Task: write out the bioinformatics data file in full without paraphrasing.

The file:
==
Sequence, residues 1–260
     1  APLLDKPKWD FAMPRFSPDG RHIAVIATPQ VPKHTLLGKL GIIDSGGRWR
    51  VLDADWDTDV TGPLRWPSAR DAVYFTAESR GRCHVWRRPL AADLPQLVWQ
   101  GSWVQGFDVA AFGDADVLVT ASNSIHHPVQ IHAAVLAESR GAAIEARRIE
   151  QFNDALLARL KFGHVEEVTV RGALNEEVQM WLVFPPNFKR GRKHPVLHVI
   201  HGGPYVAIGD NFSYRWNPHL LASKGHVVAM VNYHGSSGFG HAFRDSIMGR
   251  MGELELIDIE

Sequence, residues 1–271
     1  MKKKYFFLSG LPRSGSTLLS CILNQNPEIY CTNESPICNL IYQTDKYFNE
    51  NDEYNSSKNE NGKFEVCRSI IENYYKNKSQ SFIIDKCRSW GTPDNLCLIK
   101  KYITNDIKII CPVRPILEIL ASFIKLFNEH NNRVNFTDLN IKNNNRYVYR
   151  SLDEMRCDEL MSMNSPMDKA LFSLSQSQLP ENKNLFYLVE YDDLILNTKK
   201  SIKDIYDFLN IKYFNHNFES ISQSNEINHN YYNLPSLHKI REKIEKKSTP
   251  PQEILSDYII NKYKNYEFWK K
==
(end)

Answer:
Sequence, residues 1–260
     1  APLLDKPKWD FAMPRFSPDG RHIAVIATPQ VPKHTLLGKL GIIDSGGRWR
    51  VLDADWDTDV TGPLRWPSAR DAVYFTAESR GRCHVWRRPL AADLPQLVWQ
   101  GSWVQGFDVA AFGDADVLVT ASNSIHHPVQ IHAAVLAESR GAAIEARRIE
   151  QFNDALLARL KFGHVEEVTV RGALNEEVQM WLVFPPNFKR GRKHPVLHVI
   201  HGGPYVAIGD NFSYRWNPHL LASKGHVVAM VNYHGSSGFG HAFRDSIMGR
   251  MGELELIDIE

Sequence, residues 1–271
     1  MKKKYFFLSG LPRSGSTLLS CILNQNPEIY CTNESPICNL IYQTDKYFNE
    51  NDEYNSSKNE NGKFEVCRSI IENYYKNKSQ SFIIDKCRSW GTPDNLCLIK
   101  KYITNDIKII CPVRPILEIL ASFIKLFNEH NNRVNFTDLN IKNNNRYVYR
   151  SLDEMRCDEL MSMNSPMDKA LFSLSQSQLP ENKNLFYLVE YDDLILNTKK
   201  SIKDIYDFLN IKYFNHNFES ISQSNEINHN YYNLPSLHKI REKIEKKSTP
   251  PQEILSDYII NKYKNYEFWK K